The worst encounter I had was with a super generous snake charmer who wanted to charge me $30 US dollars for taking 2 pictures of his snakes. When I only handed over $2, he put on quite the show – loudly proclaiming that I had offended him and that this small offering was nothing. He finally backed down and accepted it once it was clear that this was all I was handing over.
What I Should Have Done: Overall I did a pretty good job of making it clear to touts that I wasn’t interested and that they were wasting their time. As for the snake charmer, yet another headache could have been saved if I had said upfront that I wasn’t paying for anything.
Morocco Travel Tips #5 – Secure Your Valuables At All Times
What I Did: Whew, this one had disaster written all over it. Back on that train to Safi, I had an easy transfer at the Casablanca station. This being one of the most used travel throughways in all of Morocco, the train I got on was fully asses-to-elbows packed. Standing room only. Once the train began to move, the everyone shuffled and squeezed around looking for just about anything to hold on to. After an hour or so, the crowd begins to thin out and a woman in one of the seats in front of me waved to get my attention.
“Excuse me sir, but you may want to check your pockets. Someone earlier was trying to get their hand in there, so you should make sure they didn’t take anything.”
WHAT?! In all that previous chaos, someone really tried to pick my pocket without me even feeling it?! I thanked the woman for letting me know and frantically checked my pockets. Luckily everything was in place and just where I had left it. Crisis averted.
What I Should Have Done: Even though I was caught a bit off guard, this is something that I’m always prepared for. About a year ago I picked-up a pair of Pick-Pocket Proof shorts from ClothingArts, and holy shit am I ever glad that I did! They may be on the pricer side, but totally worth it considering that they prevented my wallet and passport from being snatched.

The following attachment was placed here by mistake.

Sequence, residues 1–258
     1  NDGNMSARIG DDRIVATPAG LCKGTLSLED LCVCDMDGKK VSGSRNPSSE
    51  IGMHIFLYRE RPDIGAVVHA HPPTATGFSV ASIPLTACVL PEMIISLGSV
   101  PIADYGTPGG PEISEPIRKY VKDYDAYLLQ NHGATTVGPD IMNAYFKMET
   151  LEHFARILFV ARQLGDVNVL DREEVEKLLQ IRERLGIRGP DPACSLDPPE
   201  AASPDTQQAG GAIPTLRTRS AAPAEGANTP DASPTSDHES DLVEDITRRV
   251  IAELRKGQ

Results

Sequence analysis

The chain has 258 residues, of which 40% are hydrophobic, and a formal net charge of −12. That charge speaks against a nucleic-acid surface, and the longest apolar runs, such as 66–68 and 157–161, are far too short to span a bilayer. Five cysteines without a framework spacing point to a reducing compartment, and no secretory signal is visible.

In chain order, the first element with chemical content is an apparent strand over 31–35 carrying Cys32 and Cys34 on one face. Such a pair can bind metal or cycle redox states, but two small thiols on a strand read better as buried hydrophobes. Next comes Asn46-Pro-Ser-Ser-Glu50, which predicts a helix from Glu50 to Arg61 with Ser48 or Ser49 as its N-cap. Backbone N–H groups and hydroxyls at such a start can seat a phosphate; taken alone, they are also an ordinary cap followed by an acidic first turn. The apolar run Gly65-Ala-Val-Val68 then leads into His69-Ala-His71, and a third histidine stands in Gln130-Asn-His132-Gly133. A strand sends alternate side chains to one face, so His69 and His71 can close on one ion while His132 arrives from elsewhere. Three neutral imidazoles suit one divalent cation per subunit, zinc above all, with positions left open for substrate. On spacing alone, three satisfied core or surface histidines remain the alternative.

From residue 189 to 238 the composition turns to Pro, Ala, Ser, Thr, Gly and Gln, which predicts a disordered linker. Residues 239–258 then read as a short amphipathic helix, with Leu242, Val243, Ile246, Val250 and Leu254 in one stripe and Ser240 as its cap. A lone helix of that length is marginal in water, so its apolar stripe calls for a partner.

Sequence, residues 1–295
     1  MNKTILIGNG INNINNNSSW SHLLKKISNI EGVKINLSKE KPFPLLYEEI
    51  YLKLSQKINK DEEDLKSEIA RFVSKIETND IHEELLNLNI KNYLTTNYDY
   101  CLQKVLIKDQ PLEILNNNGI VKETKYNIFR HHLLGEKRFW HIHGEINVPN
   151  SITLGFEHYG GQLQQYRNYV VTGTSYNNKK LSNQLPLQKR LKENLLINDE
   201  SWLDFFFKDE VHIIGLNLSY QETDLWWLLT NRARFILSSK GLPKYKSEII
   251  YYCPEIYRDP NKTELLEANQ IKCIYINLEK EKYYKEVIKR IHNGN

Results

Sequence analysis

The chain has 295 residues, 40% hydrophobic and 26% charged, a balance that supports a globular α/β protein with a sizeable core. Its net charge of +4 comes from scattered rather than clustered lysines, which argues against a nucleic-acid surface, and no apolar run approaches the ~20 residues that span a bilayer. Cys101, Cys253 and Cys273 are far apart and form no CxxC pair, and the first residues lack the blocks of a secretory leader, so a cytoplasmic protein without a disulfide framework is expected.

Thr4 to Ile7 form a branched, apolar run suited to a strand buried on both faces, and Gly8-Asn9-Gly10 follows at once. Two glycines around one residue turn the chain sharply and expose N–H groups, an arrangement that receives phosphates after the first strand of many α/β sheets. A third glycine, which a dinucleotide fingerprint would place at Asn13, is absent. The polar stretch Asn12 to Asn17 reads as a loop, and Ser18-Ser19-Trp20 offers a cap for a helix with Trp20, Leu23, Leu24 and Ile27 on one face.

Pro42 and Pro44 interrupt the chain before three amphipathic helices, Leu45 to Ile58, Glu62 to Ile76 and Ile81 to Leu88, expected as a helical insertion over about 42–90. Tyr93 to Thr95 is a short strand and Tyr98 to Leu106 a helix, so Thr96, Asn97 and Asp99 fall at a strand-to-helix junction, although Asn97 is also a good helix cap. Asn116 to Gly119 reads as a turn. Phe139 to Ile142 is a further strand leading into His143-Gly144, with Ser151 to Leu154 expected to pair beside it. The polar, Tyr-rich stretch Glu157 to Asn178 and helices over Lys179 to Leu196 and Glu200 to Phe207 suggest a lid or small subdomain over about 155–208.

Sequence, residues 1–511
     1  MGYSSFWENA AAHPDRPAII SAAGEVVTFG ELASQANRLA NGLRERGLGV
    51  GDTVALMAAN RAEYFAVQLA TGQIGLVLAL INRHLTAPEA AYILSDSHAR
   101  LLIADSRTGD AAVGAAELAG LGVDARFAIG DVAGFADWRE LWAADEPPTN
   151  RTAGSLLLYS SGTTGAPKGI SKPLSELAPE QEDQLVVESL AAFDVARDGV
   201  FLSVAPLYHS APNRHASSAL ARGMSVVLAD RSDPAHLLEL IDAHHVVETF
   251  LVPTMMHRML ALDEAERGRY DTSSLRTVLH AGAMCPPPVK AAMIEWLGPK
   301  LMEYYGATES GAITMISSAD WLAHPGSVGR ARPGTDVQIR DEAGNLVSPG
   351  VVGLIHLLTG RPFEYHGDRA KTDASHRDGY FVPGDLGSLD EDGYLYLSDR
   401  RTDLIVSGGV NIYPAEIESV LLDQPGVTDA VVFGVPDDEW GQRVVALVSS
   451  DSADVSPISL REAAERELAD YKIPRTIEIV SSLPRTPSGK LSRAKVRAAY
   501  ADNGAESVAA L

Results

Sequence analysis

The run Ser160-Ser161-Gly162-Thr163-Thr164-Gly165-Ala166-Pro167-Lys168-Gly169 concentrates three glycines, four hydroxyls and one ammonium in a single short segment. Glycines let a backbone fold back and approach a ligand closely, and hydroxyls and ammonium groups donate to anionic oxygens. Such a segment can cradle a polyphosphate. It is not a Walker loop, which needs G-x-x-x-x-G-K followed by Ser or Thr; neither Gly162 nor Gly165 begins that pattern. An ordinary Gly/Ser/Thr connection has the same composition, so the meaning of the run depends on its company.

There are plenty of other cheaper options, such as a money belt, and a ton of guides online for how to prevent pickpocketing as well. For me, I’m sticking with these shorts.
Morocco Travel Tips #6 – Negotiate, Negotiate, Negotiate
What I Did: – Oh man… I’ve failed to negotiate and overpaid so, so, so many times during my travels. For just about everything really! Let’s see… Food? Yep. Guest rooms? For sure. Taxies? Hurts to even think about. By the time I touched down in Morocco, I had already gone through a school of hard knocks. Even with all of that, I still ended up being overcharged by $25 for checking in late to my Riad in Marrakech (crazy since I was only paying $30 a night).
What I Should Have Done: This is a pretty standard tip that can apply to many different countries. As a general rule, I always assume that the merchant’s initial price is twice as much as I should be paying, so my counter is usually at 1/3rd of their first offer. After a bit of back and forth negotiating, if I can’t bring down the offer to half of the initial price, I walk away and try again someplace else.
That being said, there are times when my rule just doesn’t apply. If the item your after is a rare find, or is only being sold by a single merchant, you’re probably going to end up having to pay more. Or, sometimes the initial price is actually a pretty good offer and there just isn’t that much room for negotiation. Haggling is just something that you start to get a feel for the more you do it.
Remember though, no matter what the cost you settle on ends up being, as long as both you and the merchant are satisfied with the final cost, you’re all good.
Morocco Travel Tips #7 – Always Email Hotels/Riads/Hostels First
What I Did: This one was actually a happy surprise. While attempting to find a good option for my Sahara Desert tour, I emailed a few different hotels for price quotes. Much to my surprise, almost all offered a much lower nightly rate than what was listed on their websites. I tried this method again while in Chefchaouen and saw the exact same result, saving me close to $100 in total.
All it took was me sending a few emails.
What I Should Have Done: After successfully using this method for both my Sahara tour and Chefchaouen, I only wish I would have tried this tip out sooner! Think of the savings that could have been had!
Well, there you have it – the biggest Morocco travel tips that I wish I would have known before setting off. Yes, traveling out this way can at times be an exercise in frustration, but don’t let that stop you from seeing everything this beautiful country has to offer!